Alaa Abdel Fattah arrest prompts outcry from human rights groups

Aaron T. Rose
5 Min Read
Prominent activist Alaa Abdel Fattah. (Photo By Aaron T.Rose\DNE File)
Activist Alaa Abdel Fattah (Photo By Aaron T.Rose\DNE File)
Activist Alaa Abdel Fattah
(Photo By Aaron T.Rose\DNE File)

Rights groups have called for the immediate and unconditional release of detained activist Alaa Abdel Fattah, who was arrested during a police raid on his home on Thursday night.

International human rights watchdog Amnesty International issued an “urgent” press brief late on Friday night, calling on Egyptian authorities to release Revolutionary Front founding member Abdel Fattah and 24 other activists being held in detention.  The group warned that the prominent blogger is at an increased risk of being tortured.

The Amnesty International statement also demanded that pending their release, detainees be given access to their legal representation, allowed to see their families, and administered any necessary medical care.

Attorney Mahmoud Belal, a member of Abdel Fattah’s legal team, said authorities have limited the contact the activist has been allowed with his family and lawyers.

“They permitted [Abdel Fattah’s] wife and sister and two of his lawyers to see him [on Friday], but prevented the rest of his lawyers and his mother from visiting him,” said Belal.

Abdel Fattah was beaten by police while being arrested, said Belal, but he did not show any additional signs of physical torture when visited by his family and legal team on Friday.  He was, however, blindfolded and his hands were cuffed behind his back.

The exact location where Abdel Fattah is being held has not been disclosed, but his sister, activist Mona Seif, said that he is being detained at the Central Security Forces barracks know as “Kilo 10.5” on the Cairo-Alexandria Desert Road, which is “not an official place of detention,” according to Amnesty International.

Abdel Fattah reportedly faces charges of rallying, “thuggery,” inciting violence, resisting authorities and violating the Protest Law.  Belal said that Abdel Fattah is also accused of assaulting a security officer and stealing his two-way radio.  Abdel Fattah denies all charges.

The arrest of Abdel Fattah and other activists is endemic of a wider attack on personal freedoms in Egypt, said Human Rights Watch spokeswoman Tamara Alrifai.

“All this is to be seen against the background of the new Protest Law, and the crackdown that’s been going on for three or four months now,” said Alrifai.  “There’s zero sense of accountability [by the government].  There’s zero sense that this is wrong.  There’s zero sense that ‘we should not be doing this in the new Egypt.’”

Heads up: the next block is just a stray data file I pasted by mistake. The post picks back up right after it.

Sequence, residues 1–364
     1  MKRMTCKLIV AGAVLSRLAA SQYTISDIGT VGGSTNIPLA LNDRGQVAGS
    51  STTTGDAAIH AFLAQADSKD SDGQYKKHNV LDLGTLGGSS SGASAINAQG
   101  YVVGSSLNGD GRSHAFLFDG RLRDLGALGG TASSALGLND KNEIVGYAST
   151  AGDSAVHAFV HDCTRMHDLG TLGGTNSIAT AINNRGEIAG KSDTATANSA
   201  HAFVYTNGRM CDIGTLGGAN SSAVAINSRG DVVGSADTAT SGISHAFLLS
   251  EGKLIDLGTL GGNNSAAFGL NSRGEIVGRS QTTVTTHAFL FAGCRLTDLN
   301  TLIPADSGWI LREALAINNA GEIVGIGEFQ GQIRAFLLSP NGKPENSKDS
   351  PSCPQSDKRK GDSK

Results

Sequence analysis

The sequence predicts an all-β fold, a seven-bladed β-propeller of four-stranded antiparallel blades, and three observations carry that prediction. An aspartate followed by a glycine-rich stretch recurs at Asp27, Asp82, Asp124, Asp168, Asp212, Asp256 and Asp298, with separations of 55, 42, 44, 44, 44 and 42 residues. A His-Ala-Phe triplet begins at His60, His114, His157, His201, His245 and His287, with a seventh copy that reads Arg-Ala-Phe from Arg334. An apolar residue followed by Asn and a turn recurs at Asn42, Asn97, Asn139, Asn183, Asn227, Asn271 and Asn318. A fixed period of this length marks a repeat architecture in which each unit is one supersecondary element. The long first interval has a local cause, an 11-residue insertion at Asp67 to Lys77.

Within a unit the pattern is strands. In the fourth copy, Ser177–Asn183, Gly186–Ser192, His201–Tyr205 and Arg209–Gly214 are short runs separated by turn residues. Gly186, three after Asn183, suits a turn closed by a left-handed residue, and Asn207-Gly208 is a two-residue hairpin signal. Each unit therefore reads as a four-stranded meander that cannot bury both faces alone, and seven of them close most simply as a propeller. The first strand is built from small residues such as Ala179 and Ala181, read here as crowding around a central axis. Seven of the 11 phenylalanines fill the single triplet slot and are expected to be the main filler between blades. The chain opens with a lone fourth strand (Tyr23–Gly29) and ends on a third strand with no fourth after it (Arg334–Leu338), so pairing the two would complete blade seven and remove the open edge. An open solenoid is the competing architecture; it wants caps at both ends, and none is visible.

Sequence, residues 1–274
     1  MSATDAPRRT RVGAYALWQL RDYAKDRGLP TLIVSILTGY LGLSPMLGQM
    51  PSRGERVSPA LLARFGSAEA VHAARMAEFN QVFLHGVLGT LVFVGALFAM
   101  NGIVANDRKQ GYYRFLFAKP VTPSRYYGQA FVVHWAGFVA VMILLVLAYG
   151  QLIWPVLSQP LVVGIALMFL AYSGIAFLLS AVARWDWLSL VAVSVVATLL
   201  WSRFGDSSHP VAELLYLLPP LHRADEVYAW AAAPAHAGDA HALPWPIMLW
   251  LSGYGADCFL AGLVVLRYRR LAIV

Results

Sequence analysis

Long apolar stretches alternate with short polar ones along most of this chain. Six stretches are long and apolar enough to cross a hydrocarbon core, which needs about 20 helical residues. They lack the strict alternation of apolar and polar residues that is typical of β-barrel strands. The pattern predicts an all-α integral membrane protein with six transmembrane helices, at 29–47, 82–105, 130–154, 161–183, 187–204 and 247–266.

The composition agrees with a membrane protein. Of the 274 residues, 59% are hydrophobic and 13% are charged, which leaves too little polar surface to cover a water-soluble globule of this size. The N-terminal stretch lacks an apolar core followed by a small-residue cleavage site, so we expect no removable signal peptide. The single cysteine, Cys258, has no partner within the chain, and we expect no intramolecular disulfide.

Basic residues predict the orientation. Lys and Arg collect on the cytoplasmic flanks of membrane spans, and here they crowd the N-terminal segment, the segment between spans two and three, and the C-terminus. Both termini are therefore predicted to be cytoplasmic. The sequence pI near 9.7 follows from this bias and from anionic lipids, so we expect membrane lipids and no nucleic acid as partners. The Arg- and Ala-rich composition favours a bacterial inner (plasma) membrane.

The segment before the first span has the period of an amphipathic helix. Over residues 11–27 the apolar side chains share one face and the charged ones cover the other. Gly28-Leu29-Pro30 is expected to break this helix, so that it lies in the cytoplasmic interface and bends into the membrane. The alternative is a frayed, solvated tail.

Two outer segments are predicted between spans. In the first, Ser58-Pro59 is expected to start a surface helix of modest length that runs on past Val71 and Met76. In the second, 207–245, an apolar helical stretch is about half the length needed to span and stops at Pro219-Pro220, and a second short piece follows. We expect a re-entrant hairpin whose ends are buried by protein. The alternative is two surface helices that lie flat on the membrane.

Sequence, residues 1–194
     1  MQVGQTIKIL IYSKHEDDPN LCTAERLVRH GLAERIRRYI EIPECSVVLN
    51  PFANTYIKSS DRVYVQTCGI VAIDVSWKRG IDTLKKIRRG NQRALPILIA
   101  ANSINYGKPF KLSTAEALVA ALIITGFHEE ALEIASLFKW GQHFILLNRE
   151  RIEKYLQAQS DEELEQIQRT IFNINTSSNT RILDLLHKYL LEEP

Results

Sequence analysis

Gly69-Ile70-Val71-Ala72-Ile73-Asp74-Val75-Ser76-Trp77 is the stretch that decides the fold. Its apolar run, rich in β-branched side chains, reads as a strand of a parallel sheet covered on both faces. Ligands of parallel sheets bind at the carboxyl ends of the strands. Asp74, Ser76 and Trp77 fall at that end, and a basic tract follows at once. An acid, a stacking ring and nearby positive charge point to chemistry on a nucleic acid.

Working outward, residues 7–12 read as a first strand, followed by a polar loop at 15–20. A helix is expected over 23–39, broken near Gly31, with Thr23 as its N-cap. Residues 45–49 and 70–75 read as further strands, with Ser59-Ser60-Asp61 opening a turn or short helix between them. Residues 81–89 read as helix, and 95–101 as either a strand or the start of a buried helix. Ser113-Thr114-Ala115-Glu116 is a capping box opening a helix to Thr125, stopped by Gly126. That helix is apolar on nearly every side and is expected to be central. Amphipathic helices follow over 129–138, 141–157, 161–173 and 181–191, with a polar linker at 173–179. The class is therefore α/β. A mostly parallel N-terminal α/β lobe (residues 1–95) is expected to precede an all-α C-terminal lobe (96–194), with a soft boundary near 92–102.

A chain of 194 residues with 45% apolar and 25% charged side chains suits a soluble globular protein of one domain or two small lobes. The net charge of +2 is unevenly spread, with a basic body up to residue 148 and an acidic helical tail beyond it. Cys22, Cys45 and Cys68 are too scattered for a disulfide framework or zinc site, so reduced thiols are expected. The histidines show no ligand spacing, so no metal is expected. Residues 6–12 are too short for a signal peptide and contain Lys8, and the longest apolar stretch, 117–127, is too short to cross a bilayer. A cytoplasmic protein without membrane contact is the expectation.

The Arabic Network for Human Rights Information (ANHRI), too, decried Abdel Fattah’s arrest, describing it as “a continuation of violations of the Egyptian police, and aggression against the most basic rights of citizens.”

Abdel Fattah’s arrest came after he was accused of organising a protest outside the Shura Council last Tuesday decrying military trials for civilians in the new constitution. The protest failed to comply with the newly-passed and highly controversial Protest Law; its organisers did not formally notify the authorities of the planned protest three working days in advance as the law stipulates.

Ahmed Maher, founder of the 6 April movement, also faces charges for organising the protest.  Maher turned himself in at the Qasr Al-Nil prosecutors’ office on Saturday afternoon.

The political activist was arrested from his home at around 10pm on Thursday. His wife reported through twitter that security forces broke into their house, beat her and her husband, arrested Abdel Fattah and confiscated both of their laptops and mobile phones. Seif tweeted that the police refused to provide a warrant from the prosecution for arresting Abdel Fattah from his home and confiscating his electronic devices.

Abdel Fattah has often faced jail time in the past.  In 2006, he was arrested under Mubarak after demonstrating for an independent judiciary.  He was detained for two months in 2011 under the rule of the Supreme Council of the Armed Forces (SCAF) for allegedly assaulting soldiers during the attacks carried out by army forces against a predominantly Coptic protest outside the Maspero building in October 2011.  And in March of this year he was arrested on charges of insulting Islam and former President Mohamed Morsi.

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Aaron T. Rose is an American journalist in Cairo. Follow him on Twitter: @Aaron_T_Rose